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Evaluation is the process of collecting data on a programme to determine its value or worth with the aim of deciding whether to adopt, reject, or revise the programme. The public want to know whether the curriculum implemented has achieved its aims and objectives; teachers want to know whether what they are doing in the classroom is effective; and the developer or planner wants to know how to improve the curriculum product.
Evaluation is the process of collecting data
on a programme to determine its value or
worth with the aim of deciding whether to
adopt, reject, or revise the programme
The developer or planner wants to know
how to improve the curriculum product.
The public want to know whether the
curriculum implemented has achieved its
aims and objectives
Teachers want to know whether what they
are doing in the classroom is effective
Curriculum evaluation should be concerned
with assessing the value of a
program of study
and a course of study
a field of study
Worthen and Sanders (1987) define
curriculum evaluation as “the formal
determination of the quality, effectiveness,
or value of a programme, product, project,
process, objective, or curriculum”
Ornstein and Hunkins (1998) define curriculum
evaluation as “a process or cluster of
processes that people perform in order to
gather data that will enable them to decide
whether to accept, change, or eliminate
something- the curriculum in general or an
educational textbook in particular”
Plan for Curriculum Evaluation
The basis for evaluation
Objectives of evaluation
Need for Curriculum Evaluation
To provide a conceptual framework for specific
purpose of the evaluation.
Several experts have proposed different models
describing how and what should be involved in
evaluating a curriculum.
Models are useful because they help us define the
parameters of an evaluation, what concepts to
study and the procedures to be used to extract
•The Tyler Model is often referred to as the ‘objective
model’ because of it’s objective approach to
•It emphasizes consistency among objectives, learning
experiences, and outcomes
•Curriculum objectives indicate both behaviour to be
Tyler’s evaluation model
Tyler recommends that curriculum planners
identify general objectives by gathering data from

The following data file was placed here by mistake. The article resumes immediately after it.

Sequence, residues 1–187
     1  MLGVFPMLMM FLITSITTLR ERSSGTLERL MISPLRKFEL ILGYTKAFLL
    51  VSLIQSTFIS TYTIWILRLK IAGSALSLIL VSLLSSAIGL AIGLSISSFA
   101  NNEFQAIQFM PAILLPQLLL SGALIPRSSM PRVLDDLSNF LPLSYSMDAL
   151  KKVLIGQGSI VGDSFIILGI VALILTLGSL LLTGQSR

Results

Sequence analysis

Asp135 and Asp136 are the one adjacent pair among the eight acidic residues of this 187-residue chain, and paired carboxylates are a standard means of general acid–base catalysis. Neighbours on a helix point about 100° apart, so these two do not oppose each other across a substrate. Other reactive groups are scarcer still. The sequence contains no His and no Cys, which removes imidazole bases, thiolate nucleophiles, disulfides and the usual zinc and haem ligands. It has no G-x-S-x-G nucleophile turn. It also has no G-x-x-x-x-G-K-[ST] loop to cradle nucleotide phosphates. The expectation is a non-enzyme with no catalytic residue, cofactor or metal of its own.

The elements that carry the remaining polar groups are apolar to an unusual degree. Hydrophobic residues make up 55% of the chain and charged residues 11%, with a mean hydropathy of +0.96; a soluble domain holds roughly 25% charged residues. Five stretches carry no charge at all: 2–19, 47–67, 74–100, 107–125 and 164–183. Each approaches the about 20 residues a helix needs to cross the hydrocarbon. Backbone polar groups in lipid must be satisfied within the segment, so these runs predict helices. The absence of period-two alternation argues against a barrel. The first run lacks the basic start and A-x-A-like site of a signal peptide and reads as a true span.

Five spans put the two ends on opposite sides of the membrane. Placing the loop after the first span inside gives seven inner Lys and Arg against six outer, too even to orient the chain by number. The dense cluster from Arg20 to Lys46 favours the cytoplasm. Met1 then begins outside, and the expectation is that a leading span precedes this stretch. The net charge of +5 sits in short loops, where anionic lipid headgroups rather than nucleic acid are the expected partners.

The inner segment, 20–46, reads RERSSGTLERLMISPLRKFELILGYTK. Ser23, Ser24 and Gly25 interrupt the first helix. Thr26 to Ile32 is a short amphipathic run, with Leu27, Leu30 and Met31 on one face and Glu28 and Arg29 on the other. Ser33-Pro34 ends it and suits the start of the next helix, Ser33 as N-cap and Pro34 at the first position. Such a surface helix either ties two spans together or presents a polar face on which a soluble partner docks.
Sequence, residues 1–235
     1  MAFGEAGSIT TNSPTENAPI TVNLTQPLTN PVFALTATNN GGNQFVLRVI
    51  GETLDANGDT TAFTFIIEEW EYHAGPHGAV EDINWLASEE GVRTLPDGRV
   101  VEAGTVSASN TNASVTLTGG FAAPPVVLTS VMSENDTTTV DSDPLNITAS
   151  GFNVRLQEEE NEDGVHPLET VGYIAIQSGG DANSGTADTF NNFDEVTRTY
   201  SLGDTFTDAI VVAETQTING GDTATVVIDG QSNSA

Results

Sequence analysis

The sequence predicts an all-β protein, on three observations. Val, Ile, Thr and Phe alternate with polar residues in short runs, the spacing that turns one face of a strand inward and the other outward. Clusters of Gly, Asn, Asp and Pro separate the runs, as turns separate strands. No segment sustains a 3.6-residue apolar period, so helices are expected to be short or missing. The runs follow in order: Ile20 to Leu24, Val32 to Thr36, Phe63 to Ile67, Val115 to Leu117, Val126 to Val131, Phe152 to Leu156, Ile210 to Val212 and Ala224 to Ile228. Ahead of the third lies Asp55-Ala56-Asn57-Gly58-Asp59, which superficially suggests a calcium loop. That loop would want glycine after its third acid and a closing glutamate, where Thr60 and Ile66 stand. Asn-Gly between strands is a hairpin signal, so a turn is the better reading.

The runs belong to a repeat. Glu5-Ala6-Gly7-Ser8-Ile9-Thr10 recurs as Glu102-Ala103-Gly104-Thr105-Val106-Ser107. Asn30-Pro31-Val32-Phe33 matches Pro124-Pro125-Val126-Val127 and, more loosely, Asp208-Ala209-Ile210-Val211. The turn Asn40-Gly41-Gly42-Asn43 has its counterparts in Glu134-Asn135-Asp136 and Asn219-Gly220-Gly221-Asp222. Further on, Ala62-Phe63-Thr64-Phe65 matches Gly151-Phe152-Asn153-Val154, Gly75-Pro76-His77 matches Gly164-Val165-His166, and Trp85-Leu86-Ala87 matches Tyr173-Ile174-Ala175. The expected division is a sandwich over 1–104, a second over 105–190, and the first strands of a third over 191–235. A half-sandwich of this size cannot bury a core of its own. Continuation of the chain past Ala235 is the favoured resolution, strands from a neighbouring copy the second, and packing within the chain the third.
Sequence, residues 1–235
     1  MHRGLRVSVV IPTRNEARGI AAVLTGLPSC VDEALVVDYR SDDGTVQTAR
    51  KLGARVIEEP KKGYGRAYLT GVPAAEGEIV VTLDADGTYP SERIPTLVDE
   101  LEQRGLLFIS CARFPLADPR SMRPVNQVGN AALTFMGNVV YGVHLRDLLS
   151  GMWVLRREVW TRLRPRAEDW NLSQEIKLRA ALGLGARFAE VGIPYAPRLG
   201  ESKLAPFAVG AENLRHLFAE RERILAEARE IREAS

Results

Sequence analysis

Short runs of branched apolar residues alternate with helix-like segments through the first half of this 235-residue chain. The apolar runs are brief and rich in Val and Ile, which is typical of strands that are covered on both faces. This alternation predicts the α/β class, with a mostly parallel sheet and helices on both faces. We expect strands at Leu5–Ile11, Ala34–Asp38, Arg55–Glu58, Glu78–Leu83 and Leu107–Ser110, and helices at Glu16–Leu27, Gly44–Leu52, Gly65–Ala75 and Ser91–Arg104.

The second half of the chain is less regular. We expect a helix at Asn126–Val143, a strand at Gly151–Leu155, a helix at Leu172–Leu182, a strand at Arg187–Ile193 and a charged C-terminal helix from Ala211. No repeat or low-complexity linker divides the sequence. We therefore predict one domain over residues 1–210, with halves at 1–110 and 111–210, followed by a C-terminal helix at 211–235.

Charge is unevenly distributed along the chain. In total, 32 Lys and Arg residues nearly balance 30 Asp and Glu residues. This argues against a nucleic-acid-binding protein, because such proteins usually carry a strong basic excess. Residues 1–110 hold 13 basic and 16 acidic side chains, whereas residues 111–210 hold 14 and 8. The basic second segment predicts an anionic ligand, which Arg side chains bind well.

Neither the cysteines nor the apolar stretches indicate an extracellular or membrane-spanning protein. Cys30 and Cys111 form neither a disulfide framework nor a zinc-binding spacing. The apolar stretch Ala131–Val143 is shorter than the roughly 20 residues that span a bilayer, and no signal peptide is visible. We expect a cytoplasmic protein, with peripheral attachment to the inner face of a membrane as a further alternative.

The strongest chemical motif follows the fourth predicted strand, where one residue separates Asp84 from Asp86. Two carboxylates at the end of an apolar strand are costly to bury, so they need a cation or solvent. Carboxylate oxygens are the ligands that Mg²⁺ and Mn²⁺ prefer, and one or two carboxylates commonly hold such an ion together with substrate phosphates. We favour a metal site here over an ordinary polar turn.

•Contemporary life outside the school
After identifying numerous general objectives, the
planners refine them by filtering them through two
The philosophical screen
The psychological screen
(Assessment and evaluation)
(Instructional strategies and content)
(Organization of learning experiences)
The progressive emphasizes the importance of studying the
child to find out what kinds of interests he has, what problems
he encounters, what purposes he has in mind. The progressive
sees this information as providing the basic source for selecting
•Selecting Learning Experiences
Tyler believes that students learn through exploration
Like his mentor, John Dewey, Tyler believes teachers
should encourage children to become actively engaged in
discovering what the world is like
•Evaluating the Curriculum
The process of assessment is critical to Tyler’s Model and begins with the
objectives of the educational program
The process of evaluation is essentially the process of determining to
what extent the educational objectives are actually being realized by the
program of curriculum and instruction
Organizing Learning Experiences
Central to Tyler’s Model is effectively organizing the learning
Students need concrete experiences to which the readings are
Three major criteria are required in building organized learning
experiences: continuity, sequence and integration
The Tyler Model is:
One of the best known models for curriculum development.
Known for the special attention it gives to the planning phases.
Deductive for it proceeds from the general to the specific
Strengths of model
Involves the active participation of the learner
Objectives are clearly defined in the purposes. These purposes are
translated into educational objectives.
Simple linear approach to development of behavioral objectives
Criticisms of the Tyler model
•Narrowly interpreted objectives (acceptable verbs)
•Difficult and time consuming construction of behavioural objectives
•Curriculum restricted to a constricted range of student skills and knowledge
•Critical thinking, problem solving and value acquiring processes cannot be
plainly declared in behavioural objectives
•Learning experiences are individual and are not totally within the power of
the teacher to select
•The teacher can control the learning experience through the manipulation
of the environment, which results in stimulating situations sufficient to evoke
the kind of learning outcomes desired
•Hilda Taba believed that the curriculum should be
designed by the teachers rather than handed down by
•Further, she felt that teachers should begin the process
by creating specific teaching-learning units for their
students in their schools.
•Taba advocated an inductive approach to curriculum
•In the inductive approach, curriculum workers start with
the specifics and build up to a general design as opposed
to the more traditional deductive approach of starting with
the general design and working down to the specifics.
Some of the problems from using the Taba Model are:
Teachers not understanding the connection
between the content, activities, teaching methods
Keeping the resources up to date.
Maintaining training for new teachers on the
method as well as support needed for teachers as
they must review the plan often.
Robert Stake's "countenance model" (Stake, 1967)
was originally formulated for curriculum studies in
the late 1960s.
The countenance model aims to capture the